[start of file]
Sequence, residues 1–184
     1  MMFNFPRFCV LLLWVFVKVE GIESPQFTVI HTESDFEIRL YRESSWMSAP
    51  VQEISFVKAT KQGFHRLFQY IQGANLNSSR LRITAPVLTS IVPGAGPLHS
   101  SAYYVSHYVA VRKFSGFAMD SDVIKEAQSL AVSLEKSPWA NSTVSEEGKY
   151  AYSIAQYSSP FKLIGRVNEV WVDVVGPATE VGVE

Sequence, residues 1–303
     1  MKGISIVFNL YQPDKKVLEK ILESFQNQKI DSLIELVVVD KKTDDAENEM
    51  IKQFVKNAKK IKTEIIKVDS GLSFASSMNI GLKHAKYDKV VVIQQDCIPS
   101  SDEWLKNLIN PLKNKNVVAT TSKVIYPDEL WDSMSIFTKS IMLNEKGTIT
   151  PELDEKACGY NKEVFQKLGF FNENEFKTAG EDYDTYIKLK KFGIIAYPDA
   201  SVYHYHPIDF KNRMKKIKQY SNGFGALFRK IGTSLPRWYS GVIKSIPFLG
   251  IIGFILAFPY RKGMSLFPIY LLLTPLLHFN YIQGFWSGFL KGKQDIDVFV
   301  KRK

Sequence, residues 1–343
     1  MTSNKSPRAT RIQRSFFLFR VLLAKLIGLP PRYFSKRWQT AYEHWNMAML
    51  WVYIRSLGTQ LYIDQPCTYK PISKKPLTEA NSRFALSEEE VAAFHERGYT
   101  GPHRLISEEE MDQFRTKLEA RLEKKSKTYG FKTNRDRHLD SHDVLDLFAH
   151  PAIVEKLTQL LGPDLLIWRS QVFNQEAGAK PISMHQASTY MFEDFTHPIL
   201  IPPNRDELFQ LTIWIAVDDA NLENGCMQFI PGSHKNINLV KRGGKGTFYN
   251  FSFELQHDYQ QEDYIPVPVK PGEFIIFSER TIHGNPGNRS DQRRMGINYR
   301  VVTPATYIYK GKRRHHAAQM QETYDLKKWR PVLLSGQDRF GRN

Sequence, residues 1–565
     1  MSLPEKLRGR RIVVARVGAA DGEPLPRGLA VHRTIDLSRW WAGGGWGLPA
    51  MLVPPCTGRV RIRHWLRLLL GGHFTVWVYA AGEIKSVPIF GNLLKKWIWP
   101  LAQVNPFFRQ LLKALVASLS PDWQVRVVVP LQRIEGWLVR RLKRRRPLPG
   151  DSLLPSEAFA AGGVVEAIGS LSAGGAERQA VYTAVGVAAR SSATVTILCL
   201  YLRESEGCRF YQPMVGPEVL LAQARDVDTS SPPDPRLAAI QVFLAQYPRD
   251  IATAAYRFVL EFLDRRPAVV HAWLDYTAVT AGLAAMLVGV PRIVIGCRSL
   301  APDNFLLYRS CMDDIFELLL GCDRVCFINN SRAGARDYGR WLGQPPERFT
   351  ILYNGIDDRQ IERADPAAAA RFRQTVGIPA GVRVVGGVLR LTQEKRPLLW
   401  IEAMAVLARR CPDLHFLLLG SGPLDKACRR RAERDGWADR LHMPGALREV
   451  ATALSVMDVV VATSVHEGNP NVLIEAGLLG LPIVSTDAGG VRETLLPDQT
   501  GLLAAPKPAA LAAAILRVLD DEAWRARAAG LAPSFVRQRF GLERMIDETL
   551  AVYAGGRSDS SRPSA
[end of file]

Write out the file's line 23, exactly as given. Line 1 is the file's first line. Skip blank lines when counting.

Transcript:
     1  MSLPEKLRGR RIVVARVGAA DGEPLPRGLA VHRTIDLSRW WAGGGWGLPA